Even short-term public employees benefit from PERA’s unique plan design.
As the state’s largest retirement plan, Colorado PERA sees its fair share of news headlines. But to make sense of the issues affecting PERA, it’s often important to go beyond the headlines and understand how PERA works for its members, retirees, public employers, and Colorado taxpayers.
In July, the Colorado Office of the State Auditor released an independent evaluation of PERA comparing the costs and effectiveness of PERA’s Defined Benefit plan to alternative plans in the public and private sector.
Nationally recognized actuarial firm Gabriel, Roeder, Smith & Company (GRS) looked specifically at PERA’s Hybrid Defined Benefit (DB) Plan and compared it to alternative plans in the public and private sectors. Their evaluation came to the overall conclusion that “Colorado’s largest public employee pension system is the most efficient and effective a state could have,” as GRS officials told members of the Legislative Audit Committee in July of 2015.
The GRS report includes information on PERA’s membership as well as the costs to members and employers. It also outlines the benefits that members receive including a monthly retirement benefit as well as ancillary benefits like disability and access to health care for retirees.
Colorado PERA offers the retirement plan of choice for the state’s public workers. At its core, PERA acts on behalf of its 500-plus employers who have opted to offer their public employees a hybrid Defined Benefit retirement plan rather than Social Security. A smaller number of PERA members also have an option to choose the PERA Defined Contribution (DC) plan instead of the Hybrid Defined Benefit Plan. Like Social Security, the PERA hybrid plan design includes disability and survivor benefits. All members contribute at least 8 percent of every paycheck to their own unique accounts which currently earn 3 percent interest. Members who leave PERA-covered employment before retirement receive employer matching contributions under applicable vesting schedules, which is very similar to many Defined Contribution plan designs.
The PERA Hybrid Defined Benefit Plan had over 529,140 total members as of December 31, 2014 The chart below breaks down PERA membership by active members, retirees and beneficiaries, inactive vested members (with five years of service or more) and non-vested inactive members (with less than five years of service).
PERA offers a monthly benefit, for life, at retirement. Participants in the PERA Hybrid Defined Benefit plan are eligible for a monthly retirement benefit once they reach age 65, regardless of how long they worked for a PERA employer. Participants are not required to have at least five years of service before earning eligibility for a monthly retirement benefit, a common misconception. For example, a 25-year old teacher who works for a year can leave his or her account at PERA until turning 65, and then receive a guaranteed monthly lifetime benefit. This is in contrast with a 401(k) plan participant who could withdraw from an account until there is no balance remaining. With a Defined Benefit plan, a monthly benefit will be paid for life.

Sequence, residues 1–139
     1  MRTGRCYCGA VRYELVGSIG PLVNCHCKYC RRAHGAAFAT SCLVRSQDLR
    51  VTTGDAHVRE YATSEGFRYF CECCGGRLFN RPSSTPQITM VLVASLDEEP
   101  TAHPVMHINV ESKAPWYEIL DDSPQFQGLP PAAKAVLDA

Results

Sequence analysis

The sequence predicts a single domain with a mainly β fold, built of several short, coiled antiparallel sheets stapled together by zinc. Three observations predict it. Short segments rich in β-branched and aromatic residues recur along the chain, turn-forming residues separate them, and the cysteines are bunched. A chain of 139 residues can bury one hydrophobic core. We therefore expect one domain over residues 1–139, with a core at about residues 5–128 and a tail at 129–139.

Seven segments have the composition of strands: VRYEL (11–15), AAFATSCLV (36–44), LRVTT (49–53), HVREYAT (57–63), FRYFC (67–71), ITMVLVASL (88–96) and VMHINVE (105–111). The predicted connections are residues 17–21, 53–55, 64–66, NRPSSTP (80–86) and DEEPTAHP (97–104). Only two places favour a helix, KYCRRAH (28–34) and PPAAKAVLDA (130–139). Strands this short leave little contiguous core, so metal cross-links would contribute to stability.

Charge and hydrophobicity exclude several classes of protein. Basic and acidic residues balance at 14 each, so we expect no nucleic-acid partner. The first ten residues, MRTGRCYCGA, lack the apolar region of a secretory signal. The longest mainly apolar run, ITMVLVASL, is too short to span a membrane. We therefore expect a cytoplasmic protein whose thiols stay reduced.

Benefits for retirement-eligible members are calculated in one of two ways. The Service Retirement Formula is based on a member’s years of service and highest average salary, while a Money Purchase Annuity is based on a member’s account balance including an employer match and interest. Like with an annuity, the average life expectancy is also part of the calculation.
Retiring members who have reached retirement eligibility age receive whichever calculation is greatest. For members at age 65 with less than five years of service, the Money Purchase annuity calculation is used.
PERA benefits go beyond a traditional pension payment. PERA is much more than a hybrid DB plan. A summary chart of PERA Hybrid Defined Benefit Plan provisions and benefits for all employees hired on or after January 1, 2011, is below. (Benefits for PERA members hired before 2011 are similar but vary based on an employee’s first date of hire.)
PERA retirees can access PERACare, PERA’s health benefits program. Even as the Colorado and U.S. health care markets evolve, this benefit allows access to group insurance rates for a variety of health care plans offered by recognized providers. The cost of premiums in PERACare is offset based on the number of years a member worked for a PERA employer. Disability and survivor benefits are also available for many members.
Those critical of public Defined Benefit plans in general, and of PERA in particular, should recognize the independent findings of GRS as presented to the Colorado General Assembly’s Legislative Audit Committee.
Stay tuned for more on PERA’s portability provisions from the GRS study.
Defined benefitA mandatory retirement savings plan in which a participant’s future benefits are known or can be calculated, but contributions are subject to adjustments. Defined contributionA voluntary plan in which participants can save pre-tax income for retirement. Contributions are “defined” by the employee, but the future benefit is not guaranteed.